I don’t think I’m cut out to be a landlord. So yeah, that’s, I’m kinda in the middle of deciding what I wanna do with the whole real estate thing. I kind of wanna sell the one and just start buying land instead and put gardens on it.

Debbie:

Aww… That’s so cute. Do you like to garden Alex? Is that one of your like passions?

Alex:

I’m trying to get into it. Actually, I have like zero gardening knowledge. I have this big plan like, I wanna make this huge secret garden thing at my house, cause I love being around nature and plants.

So, I’m starting to read books on it cause I really have no knowledge. I’m not a gardener, but I’m gonna try to become one.

Debbie:

Wait, you need to meet my parents then because if you see their house right now, they have a secret garden. This is like their babies and they have fruit trees everywhere and we literally just eat everything from the garden. We don’t even go to the grocery store anymore.

Alex:

Isn’t that so amazing here in Florida?

Debbie:

Yes.

Alex:

I’m from upstate New York where you know, stuff grows for like three months, if you’re lucky and down here, like my stepdad is crazy, he, if I go over to my mom’s, like we can eat a full meal from stuff he got out of the backyard and it just blows my, it’s like so silly, right? That blows your mind. Cause that’s how humans like used to live.

But it’s great, I mean, there’s something really spiritually nourishing about plucking something out of your yard and eating it. Not to mention all the crap they put on our food today.

So I’m, I’m all for it. I love gardening and doing your thing.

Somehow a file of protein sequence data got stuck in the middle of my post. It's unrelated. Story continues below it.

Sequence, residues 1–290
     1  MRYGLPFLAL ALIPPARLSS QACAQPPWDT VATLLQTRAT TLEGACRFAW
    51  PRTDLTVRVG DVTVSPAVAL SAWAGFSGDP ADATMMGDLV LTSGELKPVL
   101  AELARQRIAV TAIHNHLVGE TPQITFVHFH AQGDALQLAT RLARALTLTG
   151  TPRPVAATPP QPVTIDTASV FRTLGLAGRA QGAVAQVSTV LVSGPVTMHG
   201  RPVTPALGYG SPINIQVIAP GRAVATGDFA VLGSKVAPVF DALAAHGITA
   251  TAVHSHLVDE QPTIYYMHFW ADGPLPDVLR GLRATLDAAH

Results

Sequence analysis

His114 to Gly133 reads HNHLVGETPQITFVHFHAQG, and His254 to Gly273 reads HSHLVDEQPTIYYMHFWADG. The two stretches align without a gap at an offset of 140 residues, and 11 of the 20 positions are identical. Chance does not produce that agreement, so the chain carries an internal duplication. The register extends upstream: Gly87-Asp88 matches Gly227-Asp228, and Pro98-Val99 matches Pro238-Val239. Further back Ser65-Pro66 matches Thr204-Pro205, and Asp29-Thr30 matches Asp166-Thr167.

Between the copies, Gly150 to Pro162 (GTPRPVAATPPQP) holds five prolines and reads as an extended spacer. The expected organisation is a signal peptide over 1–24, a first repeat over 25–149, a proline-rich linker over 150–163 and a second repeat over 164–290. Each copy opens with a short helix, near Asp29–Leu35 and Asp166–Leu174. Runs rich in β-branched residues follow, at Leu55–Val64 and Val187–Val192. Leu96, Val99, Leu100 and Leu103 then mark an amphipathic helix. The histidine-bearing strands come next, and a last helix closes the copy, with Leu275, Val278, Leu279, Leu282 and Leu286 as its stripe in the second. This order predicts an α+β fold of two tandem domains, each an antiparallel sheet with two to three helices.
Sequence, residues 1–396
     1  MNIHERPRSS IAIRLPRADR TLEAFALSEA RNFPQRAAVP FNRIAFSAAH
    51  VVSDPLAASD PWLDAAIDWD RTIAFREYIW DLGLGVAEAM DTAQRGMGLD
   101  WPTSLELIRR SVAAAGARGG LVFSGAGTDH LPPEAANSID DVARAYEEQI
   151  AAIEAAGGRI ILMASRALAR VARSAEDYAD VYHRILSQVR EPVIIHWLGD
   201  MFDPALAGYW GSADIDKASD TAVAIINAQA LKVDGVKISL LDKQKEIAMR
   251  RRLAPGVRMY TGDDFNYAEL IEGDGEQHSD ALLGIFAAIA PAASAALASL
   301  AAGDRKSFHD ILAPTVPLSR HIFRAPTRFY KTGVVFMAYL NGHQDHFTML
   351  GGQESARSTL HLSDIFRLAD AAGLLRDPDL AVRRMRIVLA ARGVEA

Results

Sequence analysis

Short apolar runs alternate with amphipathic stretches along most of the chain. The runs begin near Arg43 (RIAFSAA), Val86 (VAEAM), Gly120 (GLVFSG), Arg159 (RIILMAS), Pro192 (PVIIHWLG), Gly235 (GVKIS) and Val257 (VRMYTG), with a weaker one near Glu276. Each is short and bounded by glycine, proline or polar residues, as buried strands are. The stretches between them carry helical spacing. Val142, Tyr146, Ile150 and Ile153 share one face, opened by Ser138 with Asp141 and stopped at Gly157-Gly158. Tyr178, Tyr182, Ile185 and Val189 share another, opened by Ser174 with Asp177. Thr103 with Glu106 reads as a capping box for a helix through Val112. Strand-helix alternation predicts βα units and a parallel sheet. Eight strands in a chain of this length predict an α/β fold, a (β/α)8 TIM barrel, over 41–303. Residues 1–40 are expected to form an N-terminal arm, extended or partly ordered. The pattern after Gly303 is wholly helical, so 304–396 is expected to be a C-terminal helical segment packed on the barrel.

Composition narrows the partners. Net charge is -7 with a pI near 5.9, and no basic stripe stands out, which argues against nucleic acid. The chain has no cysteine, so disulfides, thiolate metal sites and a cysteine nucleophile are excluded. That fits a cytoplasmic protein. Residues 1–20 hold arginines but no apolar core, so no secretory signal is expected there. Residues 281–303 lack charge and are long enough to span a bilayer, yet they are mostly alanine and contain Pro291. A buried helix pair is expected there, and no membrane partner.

Debbie:

I know. I love it. I’m the same way. Like, I’m in New York city for most of the year and I’m like, I can’t grow anything here, except if they’re like indoor plants. So, I’m like, yes, trying to eat everything right now. And I’m gonna try to bring as much like fruits and veggies when we get home back to New York, I’m like, this is so fresh, but I do want to go back to what you had mentioned before about shying away from talking about, you know, owning these properties because of the feedback that you’re getting, right? And I think it’s so interesting that you have to shy away from one of your successes, cause owning three properties. You’re under 30, right Alex? You’re not even 30 yet.

Alex:

Turning, I’m now 29. I’m now just like, it’s somewhat ending, you know?

Debbie:

Yeah, so for somebody, you know, owning one home is already successful in most people’s eyes and honestly in everybody’s eyes, right? And being under 30, but you own three of them, but you feel like you have to shy away from that because of what other people are saying to you.

That’s really, to me, that’s really upsetting cause I’m like, “we should be celebrating Alex because she’s freaking awesome. And she owns three houses right now.”.

Granted, you’re probably not enjoying it as much, but you know, that’s the choice. It’s not what you like, but still I’m like that’s, that’s pretty baller. I’m like, “Alex is pretty baller for that.”.

So, first let’s take that moment to congratulate her.

Alex:

Aww, thank you.

Debbie:

But I think it’s, you know, it’s one of those things that you either love it or hate it, but also I just wanna, you know, get to that fact that like whoever’s doing that, you’re all weirdos and you probably haven’t accomplished anything, that’s why you’re bringing her down.

But yeah, I just wanted to take the time to congratulate you on that Alex.

Alex:

Oh, thank you.

I know it’s sad. It’s, I don’t let it get me down because I know where those people are coming from. I know what dark of a place they must be in, but some days it can just be so exhausting on social media.

I’d rather just post, you know, something about mindset than just get the 500 people telling me to go die. It just gets kind of old. So, it’s sad that that’s how it is.

People have heard me say in my stuff, I’m not trying to make it like a man or woman thing, but I just get absolutely crucified on social media for being a woman posting about money.

I’m hoping that’ll change, eventually. It doesn’t matter if it does or doesn’t it just, I wouldn’t change anything about it, you know, but yeah, it’s just, it is too bad that people react that way.